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Suspended student speaks out regarding cheating incident

Moira Blodgett

Smartphone cameras are providing students with easy and fairly inconspicuous ways to cheat in class.

Durva Trivedi, Editorial Editor, Copy Editor

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The recent incidents of cheating at Central have many wondering what it is that motivates students who choose dishonesty over academic integrity.

One student, who wishes to remain anonymous and who received a five-day suspension for cheating, said it’s all about laziness.

“Even though I cheated, I could have done it on my own,” said the student. “People may doubt me, but I know that I’m really intelligent… the real fact is that I’m lazy.”

For this student, as is true for many others who are academically dishonest, phone communication was the vehicle used to cheat on tests and other summative assignments.

“I had pictures of a couple of […] scantrons on my phone and sent them to my friends who were in the next period,” said the student. “I also had a picture of the entire test and sent it to my friend who was absent that day of the test. In another class, I sent pictures of a […] test to my friend who would then complete them and send me pictures of the answers back. I would also receive some answers from other students. For example, […] my friend sent me the vocabulary words on the quiz.”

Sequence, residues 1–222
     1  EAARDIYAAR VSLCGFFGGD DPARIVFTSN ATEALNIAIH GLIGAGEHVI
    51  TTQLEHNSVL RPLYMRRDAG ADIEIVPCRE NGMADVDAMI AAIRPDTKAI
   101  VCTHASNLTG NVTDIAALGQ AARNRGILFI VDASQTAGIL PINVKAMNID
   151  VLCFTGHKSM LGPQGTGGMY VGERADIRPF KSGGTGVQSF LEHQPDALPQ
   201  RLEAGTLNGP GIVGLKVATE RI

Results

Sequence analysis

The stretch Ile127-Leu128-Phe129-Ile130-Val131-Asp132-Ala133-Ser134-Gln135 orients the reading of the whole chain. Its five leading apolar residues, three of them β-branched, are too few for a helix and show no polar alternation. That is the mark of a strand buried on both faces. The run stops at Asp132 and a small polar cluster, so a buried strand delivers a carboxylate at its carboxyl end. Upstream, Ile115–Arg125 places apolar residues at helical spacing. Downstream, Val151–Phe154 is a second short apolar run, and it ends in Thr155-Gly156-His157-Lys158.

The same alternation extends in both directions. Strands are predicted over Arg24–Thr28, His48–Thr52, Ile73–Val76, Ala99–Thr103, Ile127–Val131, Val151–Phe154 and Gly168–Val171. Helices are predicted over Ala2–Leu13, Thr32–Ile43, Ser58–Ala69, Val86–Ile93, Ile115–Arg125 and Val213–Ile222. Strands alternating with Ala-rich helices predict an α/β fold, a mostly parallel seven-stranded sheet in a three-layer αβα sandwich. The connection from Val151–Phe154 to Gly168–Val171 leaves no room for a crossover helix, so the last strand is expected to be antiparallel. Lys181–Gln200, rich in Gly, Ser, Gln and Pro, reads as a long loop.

According to this student, however, cheating as extensive as his is not a rare occurrence. Although the administration has suspended at least six students in the last two weeks for cheating, in this senior’s personal opinion, they have only hit the tip of the iceberg.

“The main thing involved like seven or eight kids but honestly the network expands to a bunch of people,” said the student. “If they wanted, the administration could possibly catch up to over 50 people. I am telling you, over 50 percent of the senior class is cheating.”

After serving his suspension and receiving both disciplinary and academic consequences as determined by deans, teachers and administrators, this student said he sees the fault of his ways.

“I do deserve this punishment, there is no doubt,” the student said.

Having reformed his own views on academic integrity, he now has a message for his peers.

“To the cheaters in school, I am telling you that it is a drug,” said the student. “Just do your own work and you will feel better about yourselves… Trust me, karma is a bitch.”

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Naperville Central High School's award-winning newspaper.
Suspended student speaks out regarding cheating incident